Local TV station WBIR has been in the news as an Easter segment last week went viral.
What made everything from Gawker to the Today Show were some bunnies that in an on-air segment in front of the anchors did what ... ah ... rabbits often do.
The Gawker headline: "Bunnies Have Sex Like Bunnies on Local News Channel's Easter Broadcast"
Even another Gannett TV stations have had fun with it.
For its part, WBIR and staff have had a good sense of humor about it and are just rolling with it.
Here's Christy Moreno, WBIR News Director:
Here's another incredible example of the government's trampling of the rights of photojournalists.
The Toledo Blade filed suit Friday after the Army security personnel detained two journalists outside a tank plan in Lima, Ohio. Cameras were confiscated and some photos deleted.
The incident occurred March 28 at a General Dynamics plant.
The lawsuit claims the newspaper employees were unlawfully detained, that one was unlawfully restrained and received threats of bodily harm, that cameras were unlawfully confiscated and images unlawfully destroyed, and that their Constitutional rights were unlawfully prevented from being exercised.
Was this part of some newspaper uncover project? Nope. They were in Lima covering a press conference at a Ford automotive plant and, while they were in town, they went around taking photos of businesses as file art for future stories.
They were outside the plant's fence and took photos from public property, the newspaper said.
One of the employees, a female photographer, was held in handcuffs for over an hour. One officer said to her "You say you are a female, I'm going to go under your bra," the newspaper reported.
There have been a string of incidents involving law enforcement officers confiscating cameras or interferring with photographers. At times, it almost seems there is a not-so-secret government war on photojournalism.
Good news for training in the newsroom.
The Poynter Institute and the E.W. Scripps Co. today announced a long-term agreement that will provide customized training for staff members in the Scripps newspaper division.
See the release. And this is but one component of a larger training agenda for Scripps newsrooms.
2013 was the year when paywalls became the norm for newspapers.
70 percent of newspapers now have some sort of paywall (see pie chart on right), according to a survey by the Reynolds Journalism Institute. That's up from 41 percent in 2011 and 47 percent in 2012.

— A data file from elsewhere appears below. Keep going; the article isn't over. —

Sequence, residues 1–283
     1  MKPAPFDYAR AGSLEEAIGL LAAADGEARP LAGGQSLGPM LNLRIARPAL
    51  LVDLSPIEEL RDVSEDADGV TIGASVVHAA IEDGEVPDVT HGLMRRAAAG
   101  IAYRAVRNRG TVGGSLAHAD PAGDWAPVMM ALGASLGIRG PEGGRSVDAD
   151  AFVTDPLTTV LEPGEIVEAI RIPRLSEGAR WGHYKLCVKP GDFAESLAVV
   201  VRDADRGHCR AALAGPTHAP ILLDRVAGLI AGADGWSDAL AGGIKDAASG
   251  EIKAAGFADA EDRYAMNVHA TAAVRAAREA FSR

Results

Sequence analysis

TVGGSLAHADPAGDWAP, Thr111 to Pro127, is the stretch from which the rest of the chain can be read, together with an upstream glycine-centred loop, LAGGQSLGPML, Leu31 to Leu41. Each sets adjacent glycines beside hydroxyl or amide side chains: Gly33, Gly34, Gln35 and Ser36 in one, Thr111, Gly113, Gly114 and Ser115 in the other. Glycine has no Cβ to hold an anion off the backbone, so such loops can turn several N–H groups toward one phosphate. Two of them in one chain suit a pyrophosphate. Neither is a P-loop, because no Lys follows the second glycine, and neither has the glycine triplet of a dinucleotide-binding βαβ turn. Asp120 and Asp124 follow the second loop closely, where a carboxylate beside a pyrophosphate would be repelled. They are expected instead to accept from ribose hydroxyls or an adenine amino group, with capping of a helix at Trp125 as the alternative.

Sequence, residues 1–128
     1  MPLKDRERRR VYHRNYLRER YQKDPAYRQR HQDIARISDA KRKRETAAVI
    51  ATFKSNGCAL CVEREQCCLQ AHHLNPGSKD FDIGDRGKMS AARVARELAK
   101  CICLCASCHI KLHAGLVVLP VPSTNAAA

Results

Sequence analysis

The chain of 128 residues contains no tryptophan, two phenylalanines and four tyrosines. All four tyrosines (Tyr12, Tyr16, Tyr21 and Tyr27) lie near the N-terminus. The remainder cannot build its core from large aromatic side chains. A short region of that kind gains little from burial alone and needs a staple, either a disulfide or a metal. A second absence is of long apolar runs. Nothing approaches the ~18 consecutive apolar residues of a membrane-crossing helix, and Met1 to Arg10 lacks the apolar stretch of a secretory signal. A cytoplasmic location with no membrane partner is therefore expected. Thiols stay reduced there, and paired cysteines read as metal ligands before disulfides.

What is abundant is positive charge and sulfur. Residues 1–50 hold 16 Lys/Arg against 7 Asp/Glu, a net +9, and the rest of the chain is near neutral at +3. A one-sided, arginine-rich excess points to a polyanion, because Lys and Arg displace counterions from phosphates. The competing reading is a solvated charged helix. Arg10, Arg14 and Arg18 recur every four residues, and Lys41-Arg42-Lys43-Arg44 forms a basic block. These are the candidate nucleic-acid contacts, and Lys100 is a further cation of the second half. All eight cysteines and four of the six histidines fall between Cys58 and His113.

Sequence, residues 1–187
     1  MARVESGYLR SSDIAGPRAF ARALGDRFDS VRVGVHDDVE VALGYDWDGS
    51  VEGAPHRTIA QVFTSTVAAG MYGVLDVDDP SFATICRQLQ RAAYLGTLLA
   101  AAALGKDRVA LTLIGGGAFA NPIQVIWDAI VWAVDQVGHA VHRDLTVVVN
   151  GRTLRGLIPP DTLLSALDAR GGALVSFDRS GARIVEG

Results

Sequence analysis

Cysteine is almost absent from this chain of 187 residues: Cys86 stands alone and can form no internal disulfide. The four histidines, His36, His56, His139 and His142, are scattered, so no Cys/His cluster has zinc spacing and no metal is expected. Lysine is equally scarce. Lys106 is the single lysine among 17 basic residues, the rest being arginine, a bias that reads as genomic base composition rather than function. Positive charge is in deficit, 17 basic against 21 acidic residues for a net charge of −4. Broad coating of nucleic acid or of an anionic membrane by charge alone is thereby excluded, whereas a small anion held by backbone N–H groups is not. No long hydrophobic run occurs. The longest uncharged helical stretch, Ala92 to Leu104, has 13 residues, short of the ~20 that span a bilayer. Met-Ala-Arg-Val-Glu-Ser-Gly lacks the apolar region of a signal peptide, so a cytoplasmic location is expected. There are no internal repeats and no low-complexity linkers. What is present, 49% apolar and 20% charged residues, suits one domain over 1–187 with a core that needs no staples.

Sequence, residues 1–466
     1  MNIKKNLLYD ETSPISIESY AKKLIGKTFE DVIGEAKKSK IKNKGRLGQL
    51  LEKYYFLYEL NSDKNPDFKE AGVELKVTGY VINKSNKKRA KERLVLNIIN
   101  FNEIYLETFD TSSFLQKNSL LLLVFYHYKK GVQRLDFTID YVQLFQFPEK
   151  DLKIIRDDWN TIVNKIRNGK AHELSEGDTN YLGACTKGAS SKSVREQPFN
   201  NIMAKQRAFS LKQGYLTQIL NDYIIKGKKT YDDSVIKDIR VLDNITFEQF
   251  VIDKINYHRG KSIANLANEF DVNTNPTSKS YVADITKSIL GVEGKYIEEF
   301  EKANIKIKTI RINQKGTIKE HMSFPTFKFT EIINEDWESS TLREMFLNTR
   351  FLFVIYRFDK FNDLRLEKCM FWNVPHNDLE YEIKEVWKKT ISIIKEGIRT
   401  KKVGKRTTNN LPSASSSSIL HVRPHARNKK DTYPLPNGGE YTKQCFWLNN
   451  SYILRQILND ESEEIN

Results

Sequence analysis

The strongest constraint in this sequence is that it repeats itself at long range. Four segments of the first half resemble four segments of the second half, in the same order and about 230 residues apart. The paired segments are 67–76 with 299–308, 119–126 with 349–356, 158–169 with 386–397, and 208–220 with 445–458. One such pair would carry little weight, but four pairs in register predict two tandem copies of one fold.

Consumers are still adjusting.
Newspapers are not using just one model and are changing the business rules in search of the sweet spot of subscriptions and audience. But don't expect the walls to falls.
In the Reynolds survey, publishers generally said: "We should have done it sooner."
While there are few experiments, don't expect a similar rush to paywalls by TV website owners or digital only startups.
Editors are safe for the moment, but this is an interesting experiment in news automation and an interesting way of determining what is "breaking news."
While not ready for prime time now, I could see this becoming much better.
Have you tried the alpha FOIA Machine?
It's from the Center for Investigative Reporting with funding from the Knight Foundation (some $47,000) and a Kickstarter campaign? Investigative reporter Djordje Padejski got the project going.
Here are some tips on using it.
The Center for Investigative Reporting calls the FOIA machine the "TurboTax for government records."
Ken Schwencke, a journalist and programmer for the Los Angeles Times, was jolted awake at 6:25 a.m. on Monday by an earthquake. He rolled out of bed and went straight to his computer, where he found a brief story about the quake already written and waiting in the system. He glanced over the text and hit "publish." And that's how the LAT became the first media outlet to report on this morning's temblor. "I think we had it up within three minutes," Schwencke told me.
The story was "written" by a program called Quakebot which Schwencke created some three years ago. Here's the Bot story. While not award-winning journalism, it got the news out.
Google Sheets is an extremely powerful tool for journalists. If you're a "math-challenged journalist," you owe it to yourself to learn how to use Google Sheets.
Here's a Google video on late 2013 update.
Above is a screen shot of Touchcast, a powerful tool for creating a new kind of video presentation. It's one of the tools listed in an awesome spreadsheet of tools of interest to journalist (most i've never heard of, much less tried) from the College Media Podcast blog.
I just added it to my pinboard.in links (a terrific tool not on the list).